This blog is a continuation of my last blog regarding proving children disabled. Over the next six blogs I will be providing some specific examples of limitations in each domain to help you better understand what must exist and be documented to prove your child disabled.
Acquiring and Using Information
- Does not demonstrate an understanding of words that describe concepts such as space, size, or time (for example, inside/outside, big/little, morning/night).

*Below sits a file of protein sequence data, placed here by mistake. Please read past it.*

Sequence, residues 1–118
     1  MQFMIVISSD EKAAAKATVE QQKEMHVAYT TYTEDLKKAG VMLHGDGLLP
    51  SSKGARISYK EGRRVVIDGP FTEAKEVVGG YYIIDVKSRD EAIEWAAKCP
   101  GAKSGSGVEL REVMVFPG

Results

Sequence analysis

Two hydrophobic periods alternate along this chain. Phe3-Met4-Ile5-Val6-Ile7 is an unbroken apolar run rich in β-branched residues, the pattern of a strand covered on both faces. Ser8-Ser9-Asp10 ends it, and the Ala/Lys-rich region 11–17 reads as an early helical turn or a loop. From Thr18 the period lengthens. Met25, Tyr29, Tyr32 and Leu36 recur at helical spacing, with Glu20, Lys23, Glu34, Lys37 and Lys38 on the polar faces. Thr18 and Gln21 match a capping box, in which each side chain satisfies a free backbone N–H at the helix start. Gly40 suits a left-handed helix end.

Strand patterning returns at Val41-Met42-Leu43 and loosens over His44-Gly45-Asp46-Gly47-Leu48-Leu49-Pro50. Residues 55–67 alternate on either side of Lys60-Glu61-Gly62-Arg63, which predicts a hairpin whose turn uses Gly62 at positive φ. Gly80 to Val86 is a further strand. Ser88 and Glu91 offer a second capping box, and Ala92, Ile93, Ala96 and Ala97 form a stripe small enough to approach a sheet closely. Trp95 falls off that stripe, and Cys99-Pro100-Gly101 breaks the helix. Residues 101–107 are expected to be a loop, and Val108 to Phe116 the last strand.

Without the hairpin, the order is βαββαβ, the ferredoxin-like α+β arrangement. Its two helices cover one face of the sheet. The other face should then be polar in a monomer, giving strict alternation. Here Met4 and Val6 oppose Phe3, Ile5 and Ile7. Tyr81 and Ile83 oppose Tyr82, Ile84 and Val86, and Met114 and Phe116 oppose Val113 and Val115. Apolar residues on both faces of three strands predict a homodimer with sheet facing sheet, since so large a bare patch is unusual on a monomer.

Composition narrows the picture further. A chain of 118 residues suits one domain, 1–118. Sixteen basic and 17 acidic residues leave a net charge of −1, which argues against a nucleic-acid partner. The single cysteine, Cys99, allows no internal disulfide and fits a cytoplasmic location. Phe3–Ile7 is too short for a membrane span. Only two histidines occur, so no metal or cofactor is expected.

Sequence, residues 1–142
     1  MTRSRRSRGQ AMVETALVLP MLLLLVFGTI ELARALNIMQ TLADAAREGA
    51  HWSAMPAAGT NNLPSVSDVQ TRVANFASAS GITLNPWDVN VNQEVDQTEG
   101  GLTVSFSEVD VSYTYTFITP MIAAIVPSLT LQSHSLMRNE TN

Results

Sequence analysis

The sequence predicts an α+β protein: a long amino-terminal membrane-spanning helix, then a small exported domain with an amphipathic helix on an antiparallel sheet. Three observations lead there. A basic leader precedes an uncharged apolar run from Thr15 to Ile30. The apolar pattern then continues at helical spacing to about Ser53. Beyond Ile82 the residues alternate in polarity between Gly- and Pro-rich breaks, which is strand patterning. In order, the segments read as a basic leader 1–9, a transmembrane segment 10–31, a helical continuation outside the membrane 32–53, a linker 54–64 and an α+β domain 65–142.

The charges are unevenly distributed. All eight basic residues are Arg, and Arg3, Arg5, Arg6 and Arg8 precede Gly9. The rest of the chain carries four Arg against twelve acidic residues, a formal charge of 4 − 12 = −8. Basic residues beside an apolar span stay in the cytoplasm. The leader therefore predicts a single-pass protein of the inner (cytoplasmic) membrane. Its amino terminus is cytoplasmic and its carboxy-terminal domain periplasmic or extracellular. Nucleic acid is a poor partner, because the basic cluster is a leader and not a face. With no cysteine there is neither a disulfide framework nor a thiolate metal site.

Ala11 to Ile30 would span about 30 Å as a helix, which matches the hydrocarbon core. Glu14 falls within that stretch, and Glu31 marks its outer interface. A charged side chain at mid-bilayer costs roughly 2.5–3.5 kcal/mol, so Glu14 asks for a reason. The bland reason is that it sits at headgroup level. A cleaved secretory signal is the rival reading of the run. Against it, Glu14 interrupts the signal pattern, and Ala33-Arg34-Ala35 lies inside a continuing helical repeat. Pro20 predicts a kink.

- Cannot rhyme words or the sounds in words.
- Has difficulty remembering what was learned in school the day before.
- Does not use language appropriate for age.
- Is not developing “readiness skills” the same as peers (for example, learning to count, reciting ABCs, scribbling).
- Is not reading, writing, or doing arithmetic at appropriate grade levels.
- Has difficulty comprehending written and/or oral directions.
- Struggles with following simple instructions.
- Talks only in short, simple sentences.
- Has difficulty explaining things.
Please keep in mind that these examples are not all inclusive but just a brief review of SOME of the limitations that may exist. Also, not all examples will be appropriate for children of all ages.